MCC: We wanted to cover so many things but it’s only 28 minutes. We wanted to include so much content that in the end it was catastrophic. We cleaned up the table a bit, but giving structure to the program and its first production was very tough.
Her Campus: How did you become involved in this project?
MCC: The idea started from the Student General Government. Then, Karla, Jesús, Roberto, and I started out from there.
LC: I came along thanks to a Facebook promotion where students were needed for a new program. I took it as the perfect opportunity to practice journalism.
SG: I was in the publicity committee of the Student General Government when I found about the project. I’ve been working in Hoy en las noticias, so I had a brief experience with radio. But it was still a big challenge because we have to make the program as if it were live, breaking the formalities as a student program. It’s been hard to manage.
AMB: I found out about the project 3 months before my graduation and I was still interested because it was a perfect idea.
KMM: My integration came out differently: thanks to a shout out from Pirulo y la Tribu. And I was like: “wow that seems cool”. Being a Computer Science student, I knew they would need someone to work with the technical stuff and from what started as a simple reunion, meant I would keep on working with the team ever since.
Her Campus: Every one of you has a background that varies greatly from the others. How do you believe that can compliment the program?
JF: We have different ideologies and perspectives but we have achieved the convergence of doing something new and bringing a different touch.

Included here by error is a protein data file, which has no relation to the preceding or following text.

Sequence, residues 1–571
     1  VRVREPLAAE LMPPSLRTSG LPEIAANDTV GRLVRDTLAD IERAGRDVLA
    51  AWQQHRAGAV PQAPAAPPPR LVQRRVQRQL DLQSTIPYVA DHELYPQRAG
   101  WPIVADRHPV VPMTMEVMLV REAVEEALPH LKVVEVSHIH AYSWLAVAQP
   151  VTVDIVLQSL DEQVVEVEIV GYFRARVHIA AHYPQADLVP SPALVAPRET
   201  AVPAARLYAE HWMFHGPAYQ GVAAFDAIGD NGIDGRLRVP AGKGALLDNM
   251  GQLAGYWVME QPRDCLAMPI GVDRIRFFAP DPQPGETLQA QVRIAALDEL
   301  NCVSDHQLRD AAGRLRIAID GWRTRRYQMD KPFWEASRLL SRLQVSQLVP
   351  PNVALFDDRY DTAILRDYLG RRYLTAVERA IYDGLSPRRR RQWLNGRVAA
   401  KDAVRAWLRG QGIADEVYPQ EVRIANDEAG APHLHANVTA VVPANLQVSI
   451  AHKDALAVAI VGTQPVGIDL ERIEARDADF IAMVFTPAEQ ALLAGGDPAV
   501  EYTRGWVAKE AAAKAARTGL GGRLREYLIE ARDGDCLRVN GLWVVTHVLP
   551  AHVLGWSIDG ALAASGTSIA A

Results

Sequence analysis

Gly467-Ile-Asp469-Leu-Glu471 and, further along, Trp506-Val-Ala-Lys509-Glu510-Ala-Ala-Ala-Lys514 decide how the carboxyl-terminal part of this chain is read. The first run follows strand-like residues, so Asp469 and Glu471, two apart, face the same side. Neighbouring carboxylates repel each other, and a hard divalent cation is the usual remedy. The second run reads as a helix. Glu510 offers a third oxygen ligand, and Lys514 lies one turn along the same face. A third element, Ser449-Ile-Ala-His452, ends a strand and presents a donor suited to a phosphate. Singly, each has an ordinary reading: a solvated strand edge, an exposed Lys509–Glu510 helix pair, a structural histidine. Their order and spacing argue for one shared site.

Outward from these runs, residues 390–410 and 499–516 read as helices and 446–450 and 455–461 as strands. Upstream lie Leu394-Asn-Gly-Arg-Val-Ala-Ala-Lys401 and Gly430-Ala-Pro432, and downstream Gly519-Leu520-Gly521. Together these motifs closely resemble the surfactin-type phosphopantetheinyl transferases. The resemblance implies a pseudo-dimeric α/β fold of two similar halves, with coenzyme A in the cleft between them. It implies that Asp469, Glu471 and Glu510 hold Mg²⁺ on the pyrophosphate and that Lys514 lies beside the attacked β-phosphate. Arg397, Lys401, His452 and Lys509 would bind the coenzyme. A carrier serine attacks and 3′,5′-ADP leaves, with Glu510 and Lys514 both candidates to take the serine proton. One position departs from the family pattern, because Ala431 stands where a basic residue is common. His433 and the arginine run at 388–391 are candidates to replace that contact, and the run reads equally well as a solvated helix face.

SG: One of the program’s goal is to bring out different people of the faculties in campus to work together, and we have provided a program that displays this.
KSV: Having this background makes way for a variety of journalistic angles, maintaining all the topics we want to cover.
Her Campus: After the show’s premiere, what’s next for you guys?
JF: When I started along, I found out we had the option of making a one hour program. Right now, I’m asking myself why didn’t we let the show go for one hour? I want to the show to have enough success to be able to extend it to one hour. But most importantly: we’re looking to appeal to our audience which are our fellow students.
AMB: Having more collaborations not only with students but also with professors, administrative personnel, etc.
MCC: One of the goals most definitely is for the show to have a continuity as students graduate and others come along to the project. Within a year, we hope to have the program running a full hour.
Her Campus: What was the worst moment during the production process, based on your experience?
LC: There was moment in December when we’re recording programs without planning and order, and we were planning to go live in January. I entered a big crisis, we learned we just couldn’t. Trying to keep alive the proposal was kind of impossible at the time.
KSV: The reunions. We were making decisions 4 or 5 times, the reunions didn’t seem to have an end and all I could think of was: “when are we going to finish up to go out afterwards?”. Later on, we managed the differences and worked it out.
SG: Working with the segments and deciding which ones are going to go and what content to generate. It’s a problem that will be always present. At the end of the day we are a team who achieves what we set out to do.
Want to check out for yourself? Tune in on 89.7 FM San Juan or 88.3 FM Mayagüez every Wednesday at 5:00 PM.